Staff Interview: Camiel Friend

Describe where this program fits in YESS’ mission to walk beside youth on their journeys towards healing.

First and foremost, Nexus meets the very basic needs of our youth (food, water, showers, clothing, bed) to eliminate the stress associated with inconsistent access to resources which meet these needs. We provide stability by being a predictable and stable environment that the youth can rely on, no matter the circumstances or what day of the year it is. The format of the program remains consistent, while still allowing for the leniency where we can truly meet a youth where they are at and accommodate any barriers they may be dealing with. We act as the first response to crisis diversion when crises arise, and function as a triage, using our relationships with the youth and the community to complete warm handoffs to other resources if Nexus cannot meet the needs of the youth. Nexus’ top priority is safety and operates with a focus on the physical safety as well as the felt-safety of every client in the program. Nexus staff build relationships with each youth through co-creation of boundaries and unconditional positive regard that allows the youth to make mistakes and learn from them in a safe environment that is free of judgment. Relationships are fostered and strengthened through relational practice where the youths can learn about rupture, repair, and healthy attachment via relationships with staff members. Communication initiated by staff is done in a tone of curiosity and acceptance, and any support or guidance is youth-led rather than imposed by staff. The program expectations that are enforced are intended to model healthy communication and life skills, such as respectful conflict resolution or even basic hygiene practices.

In what ways has the COVID-19 crisis affected youth and staff in this program?

The COVID-19 pandemic has created a huge amount of anxiety and fear for both the youth and the staff, as we all collectively endure this global trauma. It has fundamentally destabilized the youth’s felt-safety by disrupting their physical, relational, cultural, and legal permanency. Their routines have been forced to change as the places they typically hang out in are unavailable, government offices are closed, cultural practices or events have been cancelled, and they are consistently reminded of the importance of isolating themselves from loved ones. The number of resources available to our youth has greatly decreased, including day programs and housing options, causing feelings of despair, helplessness, and being trapped. Since the precautions for the pandemic have been implemented, we have seen an increase in mental health concerns, leading to more frequent emotional disregulation and outbursts, an increase in suicidal ideation and drug use, as well as a decrease in connection between youth and staff.  The policies that are necessary to reducing viral exposure such as social distancing, reduced contact between staff and youth, and wearing masks have created systemic and environmental barriers which prevent relationship building and maintenance. These policies are enforced in a more black and white manner than program policies typically are, changing the environment of the shelter from authoritative to authoritarian, which has the potential to cause strain on relationships. This may also amplify the youth’s existing feelings of rejection, loneliness, and loss. Last but not least, the widespread communication that we must isolate for the safety of others only acts to reaffirm the youth’s internalized worthlessness, which has long since been established by the experience of having their needs consistently disregarded and being marginalized by society.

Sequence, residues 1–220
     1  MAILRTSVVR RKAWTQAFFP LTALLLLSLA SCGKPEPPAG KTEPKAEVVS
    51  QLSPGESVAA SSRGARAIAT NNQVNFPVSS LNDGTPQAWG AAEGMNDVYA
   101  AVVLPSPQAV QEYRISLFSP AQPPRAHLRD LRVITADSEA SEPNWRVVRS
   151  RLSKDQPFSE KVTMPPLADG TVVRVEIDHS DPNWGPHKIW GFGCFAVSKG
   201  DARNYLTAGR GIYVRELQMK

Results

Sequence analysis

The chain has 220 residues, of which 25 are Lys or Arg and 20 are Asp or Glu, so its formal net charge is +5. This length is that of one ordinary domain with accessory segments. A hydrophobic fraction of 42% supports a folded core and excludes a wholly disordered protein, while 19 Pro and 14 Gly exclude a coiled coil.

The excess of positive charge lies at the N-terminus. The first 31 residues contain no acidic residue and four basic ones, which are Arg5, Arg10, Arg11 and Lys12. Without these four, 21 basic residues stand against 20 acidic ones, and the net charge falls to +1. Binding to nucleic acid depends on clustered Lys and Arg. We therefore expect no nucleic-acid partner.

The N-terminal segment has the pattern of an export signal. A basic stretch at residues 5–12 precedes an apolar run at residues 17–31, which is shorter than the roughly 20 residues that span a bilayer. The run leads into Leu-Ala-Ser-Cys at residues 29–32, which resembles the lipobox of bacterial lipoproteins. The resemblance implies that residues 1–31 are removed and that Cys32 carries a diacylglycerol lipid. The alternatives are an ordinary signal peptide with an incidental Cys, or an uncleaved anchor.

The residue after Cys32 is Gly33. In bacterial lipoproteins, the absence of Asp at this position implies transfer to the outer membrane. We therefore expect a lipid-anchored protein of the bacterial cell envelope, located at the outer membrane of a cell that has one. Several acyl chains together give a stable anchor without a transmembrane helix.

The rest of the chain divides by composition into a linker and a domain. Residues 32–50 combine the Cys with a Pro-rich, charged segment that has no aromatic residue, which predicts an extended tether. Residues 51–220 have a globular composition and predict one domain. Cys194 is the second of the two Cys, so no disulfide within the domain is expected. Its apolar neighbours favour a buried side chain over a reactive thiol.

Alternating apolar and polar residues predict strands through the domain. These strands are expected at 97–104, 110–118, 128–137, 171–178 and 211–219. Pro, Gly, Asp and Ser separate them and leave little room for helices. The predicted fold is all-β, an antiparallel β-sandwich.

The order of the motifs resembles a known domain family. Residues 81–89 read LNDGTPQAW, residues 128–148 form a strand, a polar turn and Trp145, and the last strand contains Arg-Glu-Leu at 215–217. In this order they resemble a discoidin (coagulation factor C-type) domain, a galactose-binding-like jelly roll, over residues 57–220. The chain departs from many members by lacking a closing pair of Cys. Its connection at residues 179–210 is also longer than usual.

What is one thing you wish the wider community knew about YESS youth?

They are humans who deserve the same amount of respect, compassion, and regard as any other human. They are young adults between the ages of 15-25, each being a unique individual with their own goals, talents, and personalities. They are smart, funny, kind, caring, strong, and incredibly resilient. They do not deserve the traumas associated with homelessness or addiction. They do not deserve to be judged or disregarded by society.

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